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Stress-related personal injury was reasonably foreseeable

Stress-related personal injury was reasonably foreseeable

In Dickens v O2 plc the Court of Appeal held that O2 was liable for stress induced personal injury suffered by one of its employees. The injury was reasonably foreseeable. The employee had previously complained about the stress of her job. In the circumstances, O2 had been negligent as it should have sent Mrs Dickens home pending urgent medical investigation.

Ms Dickins was promoted to an audit role and was promised training by an accountant who then left, leaving Ms Dickins to do the February 2002 audit alone. She worked long hours and reached “the end of her tether”. Ms Dickins had difficulty getting up and was regularly late for work. She told her manager that she was “stressed out” and he suggested she should use O2’s counselling service.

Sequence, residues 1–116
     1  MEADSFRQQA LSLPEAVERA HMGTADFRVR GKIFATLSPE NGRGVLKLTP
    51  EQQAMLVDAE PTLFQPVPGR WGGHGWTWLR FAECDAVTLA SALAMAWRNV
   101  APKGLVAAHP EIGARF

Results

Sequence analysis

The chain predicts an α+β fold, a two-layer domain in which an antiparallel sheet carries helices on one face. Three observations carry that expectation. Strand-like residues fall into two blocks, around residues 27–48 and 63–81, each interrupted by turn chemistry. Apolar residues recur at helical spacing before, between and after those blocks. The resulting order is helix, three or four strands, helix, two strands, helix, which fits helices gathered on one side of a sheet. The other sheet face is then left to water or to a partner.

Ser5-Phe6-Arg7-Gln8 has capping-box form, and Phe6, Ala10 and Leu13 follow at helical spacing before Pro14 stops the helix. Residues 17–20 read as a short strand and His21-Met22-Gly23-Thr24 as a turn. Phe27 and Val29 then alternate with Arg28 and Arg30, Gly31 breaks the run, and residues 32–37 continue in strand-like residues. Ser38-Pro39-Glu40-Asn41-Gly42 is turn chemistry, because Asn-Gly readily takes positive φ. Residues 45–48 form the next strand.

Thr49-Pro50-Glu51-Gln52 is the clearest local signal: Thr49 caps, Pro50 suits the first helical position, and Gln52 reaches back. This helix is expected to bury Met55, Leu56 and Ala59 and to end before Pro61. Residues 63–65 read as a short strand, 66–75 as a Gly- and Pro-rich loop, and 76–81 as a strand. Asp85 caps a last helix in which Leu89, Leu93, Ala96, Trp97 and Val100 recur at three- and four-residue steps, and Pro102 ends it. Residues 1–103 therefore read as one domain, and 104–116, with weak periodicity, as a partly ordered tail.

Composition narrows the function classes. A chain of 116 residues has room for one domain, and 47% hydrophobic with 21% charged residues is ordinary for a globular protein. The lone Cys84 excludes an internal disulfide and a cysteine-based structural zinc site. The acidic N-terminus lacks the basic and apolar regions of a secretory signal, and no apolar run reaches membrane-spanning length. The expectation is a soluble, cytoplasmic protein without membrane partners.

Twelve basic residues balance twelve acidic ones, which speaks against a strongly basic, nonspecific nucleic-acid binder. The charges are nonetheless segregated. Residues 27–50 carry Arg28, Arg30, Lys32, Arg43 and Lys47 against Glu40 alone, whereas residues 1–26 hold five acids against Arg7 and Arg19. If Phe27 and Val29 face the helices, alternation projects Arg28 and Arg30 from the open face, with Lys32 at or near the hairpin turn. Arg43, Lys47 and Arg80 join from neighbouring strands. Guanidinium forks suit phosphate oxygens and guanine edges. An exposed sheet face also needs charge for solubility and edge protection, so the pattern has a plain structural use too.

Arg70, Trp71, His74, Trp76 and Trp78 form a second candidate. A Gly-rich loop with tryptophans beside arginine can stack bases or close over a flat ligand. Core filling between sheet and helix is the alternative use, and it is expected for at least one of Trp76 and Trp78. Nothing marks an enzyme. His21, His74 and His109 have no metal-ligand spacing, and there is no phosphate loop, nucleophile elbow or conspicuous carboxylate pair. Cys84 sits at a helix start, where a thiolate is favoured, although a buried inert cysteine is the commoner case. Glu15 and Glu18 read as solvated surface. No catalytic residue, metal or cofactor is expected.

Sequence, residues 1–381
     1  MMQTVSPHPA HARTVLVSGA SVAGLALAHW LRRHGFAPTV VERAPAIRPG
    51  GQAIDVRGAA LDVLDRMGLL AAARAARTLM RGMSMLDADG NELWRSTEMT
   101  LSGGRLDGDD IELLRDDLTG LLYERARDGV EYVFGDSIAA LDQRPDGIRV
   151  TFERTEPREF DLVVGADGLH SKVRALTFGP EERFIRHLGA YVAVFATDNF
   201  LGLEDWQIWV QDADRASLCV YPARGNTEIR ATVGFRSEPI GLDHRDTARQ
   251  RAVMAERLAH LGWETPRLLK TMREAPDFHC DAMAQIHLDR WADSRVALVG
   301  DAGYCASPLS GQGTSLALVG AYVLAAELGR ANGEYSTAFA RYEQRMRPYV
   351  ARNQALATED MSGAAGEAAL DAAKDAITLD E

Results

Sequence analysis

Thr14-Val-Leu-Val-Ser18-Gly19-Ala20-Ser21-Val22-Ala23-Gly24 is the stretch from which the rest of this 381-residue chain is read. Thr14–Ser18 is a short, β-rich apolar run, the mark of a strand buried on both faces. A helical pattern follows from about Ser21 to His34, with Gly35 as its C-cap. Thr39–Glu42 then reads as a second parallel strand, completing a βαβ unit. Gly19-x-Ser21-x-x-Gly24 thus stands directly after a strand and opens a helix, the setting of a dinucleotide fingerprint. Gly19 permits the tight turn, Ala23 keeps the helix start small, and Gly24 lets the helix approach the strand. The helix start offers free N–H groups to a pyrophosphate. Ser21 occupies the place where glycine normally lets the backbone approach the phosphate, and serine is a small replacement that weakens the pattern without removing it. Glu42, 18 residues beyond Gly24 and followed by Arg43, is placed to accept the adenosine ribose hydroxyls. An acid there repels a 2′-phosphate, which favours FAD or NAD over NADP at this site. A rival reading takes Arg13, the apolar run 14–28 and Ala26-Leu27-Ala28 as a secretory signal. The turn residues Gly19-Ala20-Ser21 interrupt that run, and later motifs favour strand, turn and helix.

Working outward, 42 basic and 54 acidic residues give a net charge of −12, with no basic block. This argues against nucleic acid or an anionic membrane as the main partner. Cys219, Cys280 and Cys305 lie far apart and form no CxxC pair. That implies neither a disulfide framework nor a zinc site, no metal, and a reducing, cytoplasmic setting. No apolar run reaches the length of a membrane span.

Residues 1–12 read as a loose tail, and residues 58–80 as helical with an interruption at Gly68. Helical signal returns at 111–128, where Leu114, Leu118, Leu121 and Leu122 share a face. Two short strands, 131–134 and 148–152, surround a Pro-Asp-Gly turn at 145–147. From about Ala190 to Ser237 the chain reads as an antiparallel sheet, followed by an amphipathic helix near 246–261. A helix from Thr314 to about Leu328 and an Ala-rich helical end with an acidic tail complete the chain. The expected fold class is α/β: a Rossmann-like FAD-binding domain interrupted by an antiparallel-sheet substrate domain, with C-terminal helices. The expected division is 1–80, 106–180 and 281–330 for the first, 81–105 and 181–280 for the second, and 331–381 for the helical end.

In May 2002 Ms Dickins repeated her description of her symptoms, confirmed that she was having counselling and but was concerned that her health was deteriorating. A referral to occupational health was suggested but not actioned. Shortly after she went sick with anxiety and depression and never returned.

The Court of Appeal held that O2 was liable for stress induced personal injury. The injury was reasonably foreseeable. The employee had previously complained about the stress of her job, had been coming into work late regularly and had told her line manager that she did not know how long she could keep going. O2 had been negligent as it should have sent Mrs Dickens home pending urgent medical investigation. The fact that confidential counselling was made available was not an adequate response where an employee was complaining of severe stress.

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